The Stake Presidency has asked us this week to study Elder Holland’s talk from October 2014 conference, Are We Not All Beggars?
Elder Holland opens with:
“In what would be the most startling moment of His early ministry, Jesus stood up in His home synagogue in Nazareth and read these words prophesied by Isaiah and recorded in the Gospel of Luke…”
And then he quotes from Luke 4, to which I would like for us to go ahead and look at some verses following that as well. Let’s look at Luke 4, verses 18-21.
18 The Spirit of the Lord is upon me, because he hath anointed me to preach the gospel to the poor; he hath sent me to heal the brokenhearted, to preach deliverance to the captives, and recovering of sight to the blind, to set at liberty them that are bruised,
19 To preach the acceptable year of the Lord.
20 And he closed the book, and he gave it again to the minister, and sat down. And the eyes of all them that were in the synagogue were fastened on him.
21 And he began to say unto them, This day is this scripture fulfilled in your ears.
This is serious stuff! It’s huge, really. Why is this a big deal?
Let’s talk about the Dead Sea Scrolls for a minute, specifically the 11QMelchizedek scroll. This is fascinating to me for several reasons. We had originally been assigned a different talk to study this week, and I had worked to prepare this lesson before the topic was changed just last week. I wondered how to prepare a whole new lesson, but had just studied this very text for another project, so had some things I could share today.
11QMelchizedek (11Q13) is one of hundreds of scrolls found in the Qumran caves near the Dead Sea in the 1950’s. This particular scroll was found by Bedouin in 1956 about two miles north of Khirbet Qumran in cave 11, along with 30 other scrolls (including the Leviticus and the Temple Scroll(1).
Please CLICK HERE to see the pictures of the fragments, as well as to zoom in on them for a closer look.
The 11Q13 text is a thematic pesher, or a Rabbinic midrash addressing several thematically related texts and interpreting them with reflection. In this case, 11Q13 reflects on Leviticus 25 about the Year of Jubilee, and interprets it considering Deuteronomy 15:2 and Isaiah 61:1-2.
If you CLICK HERE, you can see the remaining text we are able to read (in English) (2).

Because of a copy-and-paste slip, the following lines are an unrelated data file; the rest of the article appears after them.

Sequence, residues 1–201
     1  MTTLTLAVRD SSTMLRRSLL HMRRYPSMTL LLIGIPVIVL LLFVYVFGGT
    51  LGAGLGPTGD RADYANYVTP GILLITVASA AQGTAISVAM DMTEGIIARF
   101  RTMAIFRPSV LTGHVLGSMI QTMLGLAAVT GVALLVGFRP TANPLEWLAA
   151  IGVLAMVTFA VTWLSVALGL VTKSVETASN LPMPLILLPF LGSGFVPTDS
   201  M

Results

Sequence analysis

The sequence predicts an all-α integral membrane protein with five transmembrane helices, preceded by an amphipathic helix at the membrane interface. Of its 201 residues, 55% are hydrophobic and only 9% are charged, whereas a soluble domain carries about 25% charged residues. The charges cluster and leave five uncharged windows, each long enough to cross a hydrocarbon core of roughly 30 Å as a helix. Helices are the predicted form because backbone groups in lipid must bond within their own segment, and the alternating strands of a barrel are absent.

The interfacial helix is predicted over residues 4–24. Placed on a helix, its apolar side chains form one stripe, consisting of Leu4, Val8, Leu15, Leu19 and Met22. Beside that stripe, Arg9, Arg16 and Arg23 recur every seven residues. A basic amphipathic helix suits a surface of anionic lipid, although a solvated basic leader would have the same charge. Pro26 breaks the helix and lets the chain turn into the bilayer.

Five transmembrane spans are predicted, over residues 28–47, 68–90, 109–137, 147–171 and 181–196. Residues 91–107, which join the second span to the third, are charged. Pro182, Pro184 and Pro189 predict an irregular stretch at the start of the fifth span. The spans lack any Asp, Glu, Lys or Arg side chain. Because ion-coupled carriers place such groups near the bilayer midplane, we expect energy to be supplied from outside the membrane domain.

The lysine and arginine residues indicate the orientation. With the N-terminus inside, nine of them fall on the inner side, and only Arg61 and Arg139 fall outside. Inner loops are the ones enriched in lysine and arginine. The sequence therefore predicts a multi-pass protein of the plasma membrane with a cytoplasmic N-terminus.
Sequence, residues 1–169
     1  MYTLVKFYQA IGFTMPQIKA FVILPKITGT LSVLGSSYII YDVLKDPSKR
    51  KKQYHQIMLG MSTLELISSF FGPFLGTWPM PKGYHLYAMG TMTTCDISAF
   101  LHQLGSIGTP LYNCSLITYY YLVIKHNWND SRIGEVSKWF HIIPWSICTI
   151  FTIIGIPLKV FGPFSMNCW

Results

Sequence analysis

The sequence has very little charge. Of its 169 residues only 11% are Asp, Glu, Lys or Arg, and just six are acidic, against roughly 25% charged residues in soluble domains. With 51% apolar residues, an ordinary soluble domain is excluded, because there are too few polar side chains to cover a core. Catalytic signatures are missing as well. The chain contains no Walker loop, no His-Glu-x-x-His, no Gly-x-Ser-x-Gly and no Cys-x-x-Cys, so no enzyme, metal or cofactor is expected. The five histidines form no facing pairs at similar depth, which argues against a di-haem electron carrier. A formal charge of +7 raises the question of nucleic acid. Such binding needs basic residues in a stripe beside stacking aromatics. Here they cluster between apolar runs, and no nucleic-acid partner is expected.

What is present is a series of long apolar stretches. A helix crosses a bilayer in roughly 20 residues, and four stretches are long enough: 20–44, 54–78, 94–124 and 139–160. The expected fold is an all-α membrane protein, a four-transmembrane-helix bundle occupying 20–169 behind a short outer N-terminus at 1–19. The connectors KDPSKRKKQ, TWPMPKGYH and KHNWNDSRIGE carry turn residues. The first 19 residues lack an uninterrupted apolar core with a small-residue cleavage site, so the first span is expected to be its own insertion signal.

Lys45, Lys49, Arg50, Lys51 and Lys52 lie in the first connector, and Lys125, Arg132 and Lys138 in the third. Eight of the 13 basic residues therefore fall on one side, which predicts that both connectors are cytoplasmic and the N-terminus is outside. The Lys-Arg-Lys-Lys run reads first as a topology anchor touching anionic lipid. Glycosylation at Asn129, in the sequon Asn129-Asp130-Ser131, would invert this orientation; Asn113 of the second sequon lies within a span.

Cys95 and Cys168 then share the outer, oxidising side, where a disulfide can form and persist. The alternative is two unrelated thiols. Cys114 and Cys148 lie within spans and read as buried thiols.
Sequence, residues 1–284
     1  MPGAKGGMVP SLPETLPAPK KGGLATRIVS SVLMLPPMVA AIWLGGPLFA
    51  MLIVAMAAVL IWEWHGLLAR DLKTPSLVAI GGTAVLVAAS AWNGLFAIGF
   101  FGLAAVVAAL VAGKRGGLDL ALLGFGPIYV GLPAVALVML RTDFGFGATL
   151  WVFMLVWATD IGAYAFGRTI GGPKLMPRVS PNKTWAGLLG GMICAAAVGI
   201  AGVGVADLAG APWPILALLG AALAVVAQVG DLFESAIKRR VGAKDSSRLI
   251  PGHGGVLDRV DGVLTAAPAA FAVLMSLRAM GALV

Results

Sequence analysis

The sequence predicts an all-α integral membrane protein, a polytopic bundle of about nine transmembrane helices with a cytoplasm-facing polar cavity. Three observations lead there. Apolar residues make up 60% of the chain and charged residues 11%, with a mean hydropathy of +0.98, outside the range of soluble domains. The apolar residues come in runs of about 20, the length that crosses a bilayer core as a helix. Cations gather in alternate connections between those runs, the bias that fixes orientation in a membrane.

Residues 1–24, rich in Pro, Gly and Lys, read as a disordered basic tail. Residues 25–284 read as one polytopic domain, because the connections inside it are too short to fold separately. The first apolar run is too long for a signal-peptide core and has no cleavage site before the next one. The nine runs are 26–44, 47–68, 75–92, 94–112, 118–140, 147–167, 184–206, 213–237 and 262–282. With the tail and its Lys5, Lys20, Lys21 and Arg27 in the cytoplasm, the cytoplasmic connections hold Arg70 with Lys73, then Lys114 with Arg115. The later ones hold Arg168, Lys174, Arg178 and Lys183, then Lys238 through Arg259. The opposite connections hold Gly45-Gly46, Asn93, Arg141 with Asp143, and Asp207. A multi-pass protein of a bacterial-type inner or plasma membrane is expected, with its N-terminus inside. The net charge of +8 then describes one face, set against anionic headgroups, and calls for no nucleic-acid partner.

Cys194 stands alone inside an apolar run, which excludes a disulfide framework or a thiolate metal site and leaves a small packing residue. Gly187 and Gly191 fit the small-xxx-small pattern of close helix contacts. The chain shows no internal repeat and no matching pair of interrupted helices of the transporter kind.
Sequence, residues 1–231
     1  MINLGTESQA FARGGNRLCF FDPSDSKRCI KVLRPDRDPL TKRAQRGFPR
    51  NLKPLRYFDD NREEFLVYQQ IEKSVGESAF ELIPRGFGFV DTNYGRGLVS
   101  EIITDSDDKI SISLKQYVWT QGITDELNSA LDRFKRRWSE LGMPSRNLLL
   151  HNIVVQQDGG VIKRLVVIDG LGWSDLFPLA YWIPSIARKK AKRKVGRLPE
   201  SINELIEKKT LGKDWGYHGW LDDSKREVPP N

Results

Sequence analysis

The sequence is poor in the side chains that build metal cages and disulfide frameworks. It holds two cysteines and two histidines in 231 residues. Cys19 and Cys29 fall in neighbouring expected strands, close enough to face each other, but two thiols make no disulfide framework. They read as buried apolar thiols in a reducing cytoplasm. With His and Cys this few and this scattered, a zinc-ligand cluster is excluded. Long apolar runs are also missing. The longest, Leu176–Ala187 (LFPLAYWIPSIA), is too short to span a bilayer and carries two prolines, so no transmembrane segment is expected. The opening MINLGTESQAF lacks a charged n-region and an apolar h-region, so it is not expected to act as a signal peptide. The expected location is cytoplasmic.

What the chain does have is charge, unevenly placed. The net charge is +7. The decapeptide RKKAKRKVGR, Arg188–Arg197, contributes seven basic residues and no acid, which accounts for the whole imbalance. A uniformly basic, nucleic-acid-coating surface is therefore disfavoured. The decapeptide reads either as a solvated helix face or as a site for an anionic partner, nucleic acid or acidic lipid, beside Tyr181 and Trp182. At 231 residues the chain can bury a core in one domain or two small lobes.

11QM13 begins with Leviticus 25:9-13 as the text, with direct reference to Deuteronomy 15:2. This describes the sabbatical year as being a time for the remission of debts, such as in the Leviticus 25 description of the Year of Jubilee. The phrasing is echoed, possibly deliberately on the part of the composer of the oracle, in Isaiah 61:1” (Brooke, p. 83). Then, this is interpreted through and applied to Isaiah 61:1-3, as a description of the ultimate jubilee as linked to “the end of the tenth jubilee period and initiated on the Day of Atonement”, which is the same connection made in the LXX (Septuagint) by counting each cycle as 49 years (Leviticus 25:8-11) to get to 490 years in ten cycles – which is the same as Daniel’s “seventy weeks” (70×7=490) (Daniel 9:24) (also see footnote in Brooke, p. 83).
This is actually the same text we find Jesus reading (Isaiah 61:1-3) in the synagogue at Nazareth. Brooke points out that the Luke 4 account of this story is actually a “conflation of Isaiah 61:1a, b, d, 58:6d, [and] 61:2a. The presence of this conflated text is one of the keys to appreciating how Luke may have intended an allusion to the jubilee material of Leviticus 25, even including its association with Deuteronomy 15:2” (p. 84). The periodization of history in all three texts (1 Enoch 10, 11Q13, and Luke) is similar and for understanding the genealogy of Luke these Jewish parallels disclose that Luke’s Jesus can be understood to belong at the end of the tenth jubilee period from Enoch.”
The significance of the 11Q13 text lies in the midrash itself. It points out the Torah’s emphasis on the Year of Jubilee, and emphasizes the releasing of debts. It is eschatological in nature, possibly, as it speaks of the full cycle of the years of Jubilee by pointing to the completion of the ninth Jubliee, in the first week of the tenth Jubilee, on the Day of Atonement, atonement will be made for “all the sons of light and the men of the lot of Melchizedek”.
The phrasing of the year of Jubilee appears significant. The phrase [בשנת היובל [הזואת (In [this] year of jubilee) in verse 2 is quoted from Lev 25:13: “In this year of jubilee (בשנת היובל הזואת) you shall return, every one of you, to your property.” It is also a year of approval, or grace, or favor (לשנת הרצון) as part of it being the tenth Jubilee. Fitzmyer (1967), wrote:
“In the course of the midrashic development the year of jubilee mentioned first in line 2 becomes “the last jubilee” (line 7), or “the tenth jubilee” (line 7, at the end). In other words, it seems to refer to the end of the 490 years, or “the seventy weeks of years” of Daniel 9:24-27. It is called the year of “release” (šmth) proclaimed for the Lord (lines 3-4) and of “liberation” (drr), such as was announced to the captives of Isaiah 61:1.”
Part of the drr, or liberation, includes the day of judgment, during which it appears that – either Melchizedek himself, or one with the priesthood after the pattern of Melchizedek, depending on your interpretation – that one with the Melchizedek priesthood will be “given a special role in the execution of divine judgment which is related a jubilee year” (Fitzmyer 1969, p. 29). This makes sense with the verse 13 description of the role as being that of carrying out the judgment decreed by God (ומלכי צ̇דק יקום נקם משפטי א[ל וביום ההואה). This idea seems confirmed by what appears to be a direct quote from Isaiah 52:7 in verses 15-16:
This… is the day (of peace which) he said (… through Isaiah) the prophet, who said: “How beautiful upon the mountains are the feet of the messenger who announces peace, the messenger of good who announces salvation, saying to Zion: your God reins.”